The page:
Then & Now: AIDS case managers remember the height of the crisis, what was it like in the COVID-19 pandemic | Instant News


Manny Andrade saw his friends dying and knew he needed help.

JACKSONVILLE, Fla. – In the 1980s, HIV / AIDS was a medical mystery that was considered a death sentence, but improvements in treatment had extended the lives and quality of life of many patients.

But at that moment, Manny Andrade saw his friends dying and knew he needed help.

“I will travel the world, then people start dying left and right and that is terrible and I know I have to do something,” Andrade said.

He is going to college in New York, learning languages ​​when the first case begins to emerge. Andrade exchanged his dream to travel with the dream of saving lives. He volunteered and then took a job that he thought nobody else wanted: a prison educator. Andrade went to prison around the state of New York to teach prisoners about HIV / AIDS.

Finally, he became a case manager. The title he currently holds on the Northeast Florida AIDS Network. Everyday is checking non-profit clients.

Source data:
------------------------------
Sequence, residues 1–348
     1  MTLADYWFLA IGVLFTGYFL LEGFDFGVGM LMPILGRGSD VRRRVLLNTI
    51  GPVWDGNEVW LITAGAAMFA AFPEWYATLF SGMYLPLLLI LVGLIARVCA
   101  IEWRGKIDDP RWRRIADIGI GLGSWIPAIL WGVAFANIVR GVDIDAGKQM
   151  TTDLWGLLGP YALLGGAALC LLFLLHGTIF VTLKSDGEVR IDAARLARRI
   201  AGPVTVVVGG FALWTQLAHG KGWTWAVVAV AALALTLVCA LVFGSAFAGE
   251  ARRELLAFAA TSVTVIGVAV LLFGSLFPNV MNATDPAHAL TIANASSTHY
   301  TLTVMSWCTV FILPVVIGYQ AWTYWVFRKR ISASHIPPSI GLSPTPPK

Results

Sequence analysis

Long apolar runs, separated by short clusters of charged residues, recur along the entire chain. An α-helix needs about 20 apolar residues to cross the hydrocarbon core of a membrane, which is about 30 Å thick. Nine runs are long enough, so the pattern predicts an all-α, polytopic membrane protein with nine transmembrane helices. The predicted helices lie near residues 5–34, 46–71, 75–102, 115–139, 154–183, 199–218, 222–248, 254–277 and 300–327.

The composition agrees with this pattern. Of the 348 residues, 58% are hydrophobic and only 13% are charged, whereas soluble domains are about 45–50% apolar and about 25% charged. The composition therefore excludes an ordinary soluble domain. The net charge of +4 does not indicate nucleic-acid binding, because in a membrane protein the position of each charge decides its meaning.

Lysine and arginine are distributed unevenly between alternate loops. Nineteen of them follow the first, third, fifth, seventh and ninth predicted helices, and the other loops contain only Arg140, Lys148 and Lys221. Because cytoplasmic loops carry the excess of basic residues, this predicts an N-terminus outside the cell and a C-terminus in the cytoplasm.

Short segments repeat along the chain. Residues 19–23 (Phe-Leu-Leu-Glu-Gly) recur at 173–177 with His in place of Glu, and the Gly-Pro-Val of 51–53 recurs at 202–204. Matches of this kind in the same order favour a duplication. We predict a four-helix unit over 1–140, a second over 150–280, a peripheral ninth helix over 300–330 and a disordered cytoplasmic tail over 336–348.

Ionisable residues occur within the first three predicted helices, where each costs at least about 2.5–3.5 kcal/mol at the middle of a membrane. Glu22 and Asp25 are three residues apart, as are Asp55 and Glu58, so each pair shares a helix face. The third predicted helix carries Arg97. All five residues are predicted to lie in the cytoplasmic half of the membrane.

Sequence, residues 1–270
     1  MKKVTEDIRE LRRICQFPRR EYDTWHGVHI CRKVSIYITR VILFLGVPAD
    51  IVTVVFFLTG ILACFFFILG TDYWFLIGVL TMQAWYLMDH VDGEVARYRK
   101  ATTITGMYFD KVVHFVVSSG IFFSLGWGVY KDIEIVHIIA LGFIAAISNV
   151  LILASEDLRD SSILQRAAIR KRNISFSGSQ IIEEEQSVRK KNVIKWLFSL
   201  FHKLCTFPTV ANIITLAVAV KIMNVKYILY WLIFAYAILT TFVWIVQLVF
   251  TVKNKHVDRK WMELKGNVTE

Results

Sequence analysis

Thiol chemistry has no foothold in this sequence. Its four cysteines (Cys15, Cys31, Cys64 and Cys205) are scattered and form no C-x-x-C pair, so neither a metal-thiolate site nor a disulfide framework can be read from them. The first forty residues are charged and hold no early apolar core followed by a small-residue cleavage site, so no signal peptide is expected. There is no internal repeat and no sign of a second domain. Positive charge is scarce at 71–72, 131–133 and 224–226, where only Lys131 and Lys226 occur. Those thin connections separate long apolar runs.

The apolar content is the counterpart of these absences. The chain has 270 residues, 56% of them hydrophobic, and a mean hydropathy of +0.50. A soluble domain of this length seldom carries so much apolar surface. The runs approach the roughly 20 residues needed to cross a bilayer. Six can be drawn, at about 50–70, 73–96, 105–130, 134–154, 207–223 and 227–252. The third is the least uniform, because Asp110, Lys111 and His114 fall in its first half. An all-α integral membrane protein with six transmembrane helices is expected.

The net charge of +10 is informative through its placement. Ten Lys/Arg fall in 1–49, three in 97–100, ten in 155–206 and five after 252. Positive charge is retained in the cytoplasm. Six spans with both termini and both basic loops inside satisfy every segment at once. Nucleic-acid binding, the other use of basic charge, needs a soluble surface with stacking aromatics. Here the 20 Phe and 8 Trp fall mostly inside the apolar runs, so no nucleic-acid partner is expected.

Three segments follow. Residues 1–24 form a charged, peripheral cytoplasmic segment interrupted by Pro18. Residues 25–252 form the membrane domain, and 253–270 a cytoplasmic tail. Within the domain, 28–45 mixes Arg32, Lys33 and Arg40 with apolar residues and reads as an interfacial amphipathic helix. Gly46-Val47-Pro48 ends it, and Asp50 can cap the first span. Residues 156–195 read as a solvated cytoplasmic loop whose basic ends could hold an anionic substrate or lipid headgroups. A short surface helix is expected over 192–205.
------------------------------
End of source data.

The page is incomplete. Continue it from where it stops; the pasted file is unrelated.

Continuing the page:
Making sure they have enough food, can pay rent or utilities. When a client can’t – Network helps.

“It only ensures that there is continuity and we continue to show concern and care for the people we serve,” Andrade said.

The COVID-19 pandemic has presented several additional challenges. Patients with HIV / AIDS are considered a vulnerable population because of their weakened immune system and other potential underlying health problems.

Andrade said he had talked to his client to explain best safety practices and ascertain if they were showing symptoms, how to get help. He described the COVID-19 pandemic as deja vu.

He remembers a younger doctor in the news during the AIDS crisis – a New Yorker like himself – who took over: Dr. Anthony Fauci.

Fauci is now a leading member of the coronavirus task force.

“There were big demands at the time and I remember him holding very well and I realized that if he held himself very well during that time during stress,” Andrade said.

He added that when the situation changed, the message for HIV / AIDS patients in Northeast Florida would be consistent: stay healthy, be informed, and be connected.



image source

to request modification Contact us at Here or [email protected]